# Difference between revisions of "Tools and Models:Emmert sat drag neutral mass density"

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Emmert, J. T. (2009), A long-term data set of globally averaged thermospheric | Emmert, J. T. (2009), A long-term data set of globally averaged thermospheric | ||

total mass density, J. Geophys. Res., 114, doi: 10.1029/2009JA014102. | total mass density, J. Geophys. Res., 114, doi: 10.1029/2009JA014102. | ||

− | [[Tools_and_Model:Emmert_JGR09.pdf |.pdf of paper]]. | + | ([[Tools_and_Model:Emmert_JGR09.pdf |.pdf of paper]]). |

Abstract: | Abstract: |

## Revision as of 16:15, 4 April 2011

Neutral density data from satellite drag studies using ~5000 objects were performed by John Emmert (john.emmert@nrl.navy.mil, 202-767-0467, U. S. Naval Research Laboratory, Washington, DC, USA) and described in

Emmert, J. T. (2009), A long-term data set of globally averaged thermospheric total mass density, J. Geophys. Res., 114, doi: 10.1029/2009JA014102. (.pdf of paper).

Abstract:

We present a long-term data set, available on the CEDAR Data System, of globally averaged thermospheric total mass density derived from the orbits of ~5000 objects. The data cover the period 1967-2007 at heights from 200 to 600 km. The data have a temporal resolution of 3-6 days, a typical short-term precision of 2%, and a long-term accuracy of 5-10%. We describe in detail the procedure used to generate the data set, provide an example of its scientific use, and discuss its limitations.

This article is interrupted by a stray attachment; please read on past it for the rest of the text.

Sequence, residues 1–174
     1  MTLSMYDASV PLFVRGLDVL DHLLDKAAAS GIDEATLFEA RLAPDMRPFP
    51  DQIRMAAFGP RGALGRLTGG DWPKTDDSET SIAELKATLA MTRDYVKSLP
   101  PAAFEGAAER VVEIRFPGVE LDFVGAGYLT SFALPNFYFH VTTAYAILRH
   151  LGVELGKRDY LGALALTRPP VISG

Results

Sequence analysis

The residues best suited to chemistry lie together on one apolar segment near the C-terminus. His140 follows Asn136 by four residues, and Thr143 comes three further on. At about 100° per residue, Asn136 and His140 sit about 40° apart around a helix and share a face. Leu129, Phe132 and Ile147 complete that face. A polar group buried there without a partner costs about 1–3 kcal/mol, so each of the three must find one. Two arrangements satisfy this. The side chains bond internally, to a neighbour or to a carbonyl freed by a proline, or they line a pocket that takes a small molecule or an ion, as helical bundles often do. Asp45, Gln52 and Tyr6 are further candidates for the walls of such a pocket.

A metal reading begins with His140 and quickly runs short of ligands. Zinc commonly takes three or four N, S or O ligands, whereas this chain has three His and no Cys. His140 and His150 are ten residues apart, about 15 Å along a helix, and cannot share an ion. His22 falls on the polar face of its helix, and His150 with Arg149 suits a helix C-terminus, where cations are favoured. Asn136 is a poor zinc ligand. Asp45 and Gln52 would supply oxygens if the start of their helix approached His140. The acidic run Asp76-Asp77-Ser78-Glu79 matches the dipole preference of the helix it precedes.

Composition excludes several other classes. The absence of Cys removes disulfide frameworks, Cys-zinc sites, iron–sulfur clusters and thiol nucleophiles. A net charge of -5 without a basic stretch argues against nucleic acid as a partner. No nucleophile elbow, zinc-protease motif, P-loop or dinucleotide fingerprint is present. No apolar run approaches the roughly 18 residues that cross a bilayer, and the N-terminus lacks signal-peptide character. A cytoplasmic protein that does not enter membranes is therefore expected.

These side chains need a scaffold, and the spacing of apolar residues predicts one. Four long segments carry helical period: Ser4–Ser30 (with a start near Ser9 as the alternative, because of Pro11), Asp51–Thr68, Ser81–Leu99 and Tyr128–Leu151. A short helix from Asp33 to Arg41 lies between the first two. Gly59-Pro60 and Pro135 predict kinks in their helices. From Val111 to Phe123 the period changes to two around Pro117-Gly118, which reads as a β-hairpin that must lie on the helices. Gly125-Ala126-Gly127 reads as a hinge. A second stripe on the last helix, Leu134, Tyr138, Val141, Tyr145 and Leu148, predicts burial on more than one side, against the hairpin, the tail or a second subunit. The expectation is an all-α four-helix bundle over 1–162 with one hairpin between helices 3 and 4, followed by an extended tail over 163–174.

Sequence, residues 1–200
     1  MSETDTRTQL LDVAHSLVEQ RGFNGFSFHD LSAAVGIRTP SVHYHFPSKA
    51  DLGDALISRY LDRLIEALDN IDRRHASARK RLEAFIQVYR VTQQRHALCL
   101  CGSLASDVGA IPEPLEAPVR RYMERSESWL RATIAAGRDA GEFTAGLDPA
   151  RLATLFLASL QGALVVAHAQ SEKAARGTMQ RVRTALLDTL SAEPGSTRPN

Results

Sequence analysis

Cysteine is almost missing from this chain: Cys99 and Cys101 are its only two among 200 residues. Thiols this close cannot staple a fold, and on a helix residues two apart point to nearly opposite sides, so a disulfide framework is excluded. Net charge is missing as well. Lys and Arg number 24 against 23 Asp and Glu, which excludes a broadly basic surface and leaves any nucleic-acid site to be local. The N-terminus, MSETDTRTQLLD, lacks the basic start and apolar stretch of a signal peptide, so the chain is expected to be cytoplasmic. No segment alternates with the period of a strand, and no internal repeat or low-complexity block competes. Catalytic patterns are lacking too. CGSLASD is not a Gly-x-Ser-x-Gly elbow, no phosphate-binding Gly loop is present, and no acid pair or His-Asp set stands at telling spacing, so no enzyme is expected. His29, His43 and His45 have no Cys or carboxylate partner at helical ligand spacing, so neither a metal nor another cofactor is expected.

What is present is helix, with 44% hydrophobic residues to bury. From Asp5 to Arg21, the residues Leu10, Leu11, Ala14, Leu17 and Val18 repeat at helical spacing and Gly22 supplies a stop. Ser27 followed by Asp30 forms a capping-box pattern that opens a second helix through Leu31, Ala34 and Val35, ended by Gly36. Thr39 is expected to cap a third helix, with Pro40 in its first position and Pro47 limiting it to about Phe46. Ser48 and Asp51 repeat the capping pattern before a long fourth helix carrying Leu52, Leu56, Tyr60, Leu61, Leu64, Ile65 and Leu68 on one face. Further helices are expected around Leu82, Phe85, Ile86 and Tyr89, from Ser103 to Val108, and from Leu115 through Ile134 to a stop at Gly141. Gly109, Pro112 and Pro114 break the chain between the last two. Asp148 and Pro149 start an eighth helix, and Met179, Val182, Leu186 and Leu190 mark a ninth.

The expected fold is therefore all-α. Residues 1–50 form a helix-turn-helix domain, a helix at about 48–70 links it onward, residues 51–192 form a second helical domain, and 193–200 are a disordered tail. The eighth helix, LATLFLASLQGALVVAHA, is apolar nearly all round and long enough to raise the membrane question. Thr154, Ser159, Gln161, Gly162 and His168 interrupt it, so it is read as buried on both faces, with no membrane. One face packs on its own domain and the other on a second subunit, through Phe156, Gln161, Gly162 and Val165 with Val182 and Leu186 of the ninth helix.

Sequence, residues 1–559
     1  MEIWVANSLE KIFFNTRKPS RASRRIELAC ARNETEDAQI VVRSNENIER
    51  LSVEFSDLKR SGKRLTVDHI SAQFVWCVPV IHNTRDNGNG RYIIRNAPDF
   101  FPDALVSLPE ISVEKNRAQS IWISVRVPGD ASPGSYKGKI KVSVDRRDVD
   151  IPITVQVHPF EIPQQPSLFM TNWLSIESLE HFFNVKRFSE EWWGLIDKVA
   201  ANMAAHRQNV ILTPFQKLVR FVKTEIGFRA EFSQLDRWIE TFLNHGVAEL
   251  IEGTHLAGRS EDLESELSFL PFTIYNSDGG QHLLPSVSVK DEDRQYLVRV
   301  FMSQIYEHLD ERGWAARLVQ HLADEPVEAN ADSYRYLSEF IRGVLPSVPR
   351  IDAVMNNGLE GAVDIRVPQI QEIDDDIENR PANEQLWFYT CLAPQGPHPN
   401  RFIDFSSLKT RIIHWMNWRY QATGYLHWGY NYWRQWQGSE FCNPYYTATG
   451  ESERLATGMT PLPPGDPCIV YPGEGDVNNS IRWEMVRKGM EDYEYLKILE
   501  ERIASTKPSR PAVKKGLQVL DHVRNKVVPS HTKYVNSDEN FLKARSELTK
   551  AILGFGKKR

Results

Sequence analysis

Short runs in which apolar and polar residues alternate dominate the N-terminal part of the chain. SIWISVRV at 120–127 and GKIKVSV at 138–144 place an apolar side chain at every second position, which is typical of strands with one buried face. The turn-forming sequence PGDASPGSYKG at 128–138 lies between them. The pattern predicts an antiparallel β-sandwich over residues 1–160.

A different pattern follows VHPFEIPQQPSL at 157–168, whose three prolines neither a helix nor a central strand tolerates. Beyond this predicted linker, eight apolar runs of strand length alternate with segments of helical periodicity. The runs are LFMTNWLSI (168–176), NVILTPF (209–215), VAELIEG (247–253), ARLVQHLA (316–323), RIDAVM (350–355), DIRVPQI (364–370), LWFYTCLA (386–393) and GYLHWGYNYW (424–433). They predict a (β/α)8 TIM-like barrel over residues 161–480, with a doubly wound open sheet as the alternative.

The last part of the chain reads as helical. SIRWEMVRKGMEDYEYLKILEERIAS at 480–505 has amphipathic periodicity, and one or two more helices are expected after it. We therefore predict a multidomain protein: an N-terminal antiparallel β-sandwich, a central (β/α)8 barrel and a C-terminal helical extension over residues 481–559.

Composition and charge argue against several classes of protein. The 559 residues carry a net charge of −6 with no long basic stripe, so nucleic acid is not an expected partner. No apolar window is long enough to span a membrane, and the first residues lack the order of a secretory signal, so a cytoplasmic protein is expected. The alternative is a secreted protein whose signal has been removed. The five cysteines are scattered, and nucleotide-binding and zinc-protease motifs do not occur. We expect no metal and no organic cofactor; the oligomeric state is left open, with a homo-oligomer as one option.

The data are actually parameterized height profiles that cover the 200-600 km interval and were processed as:

1) A time series of density ratios is inferred from each of the 5000 objects. The ratio is representative of conditions near the perigee of each orbit (actually a little above perigee for elliptical orbits). ^M 2) The ratios from all objects are combined into a parameterized average as a function of height and time. Since the collection of objects covers the entire globe, this is a 'global average ratio'. ^M 3) The global average MSIS density (NRLMSISE-00) is computed, and the ratio is applied to obtain the absolute global average density at each desired height.

The reference for the NRLMSISE-00 model is:

Picone, J. M., Hedin, A. E., Drob, D. P., Aikin, A. C., (2002), NRLMSISE-00 empirical model of the atmosphere: Statistical comparisons and scientific issues, J. Geophys. Res., 107(A12), 1468, doi: 10.1029/2002JA009430.

Values of the neutral mass density from the MSIS (NRLMSISE-00) model and satellite drag objects are in log10 units of Kg/m3, where ratio=MSIS/drag (not the ratio of the log10 values, but the values themselves).

The lists include values for the following parameters from day 1 in 1967 to day 279 in 2007. More recent lists are available from john.emmert@nrl.navy.mil

year day ut ratio uncert log10(msis) log10(drag) uncert